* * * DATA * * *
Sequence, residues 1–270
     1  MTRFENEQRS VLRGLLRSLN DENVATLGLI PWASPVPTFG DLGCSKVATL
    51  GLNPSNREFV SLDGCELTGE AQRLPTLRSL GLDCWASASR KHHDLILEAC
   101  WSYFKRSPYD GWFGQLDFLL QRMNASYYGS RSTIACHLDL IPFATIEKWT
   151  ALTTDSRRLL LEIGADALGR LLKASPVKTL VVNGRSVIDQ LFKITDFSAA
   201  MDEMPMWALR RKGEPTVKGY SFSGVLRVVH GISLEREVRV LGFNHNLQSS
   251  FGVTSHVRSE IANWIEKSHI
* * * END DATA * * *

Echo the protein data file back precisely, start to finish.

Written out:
Sequence, residues 1–270
     1  MTRFENEQRS VLRGLLRSLN DENVATLGLI PWASPVPTFG DLGCSKVATL
    51  GLNPSNREFV SLDGCELTGE AQRLPTLRSL GLDCWASASR KHHDLILEAC
   101  WSYFKRSPYD GWFGQLDFLL QRMNASYYGS RSTIACHLDL IPFATIEKWT
   151  ALTTDSRRLL LEIGADALGR LLKASPVKTL VVNGRSVIDQ LFKITDFSAA
   201  MDEMPMWALR RKGEPTVKGY SFSGVLRVVH GISLEREVRV LGFNHNLQSS
   251  FGVTSHVRSE IANWIEKSHI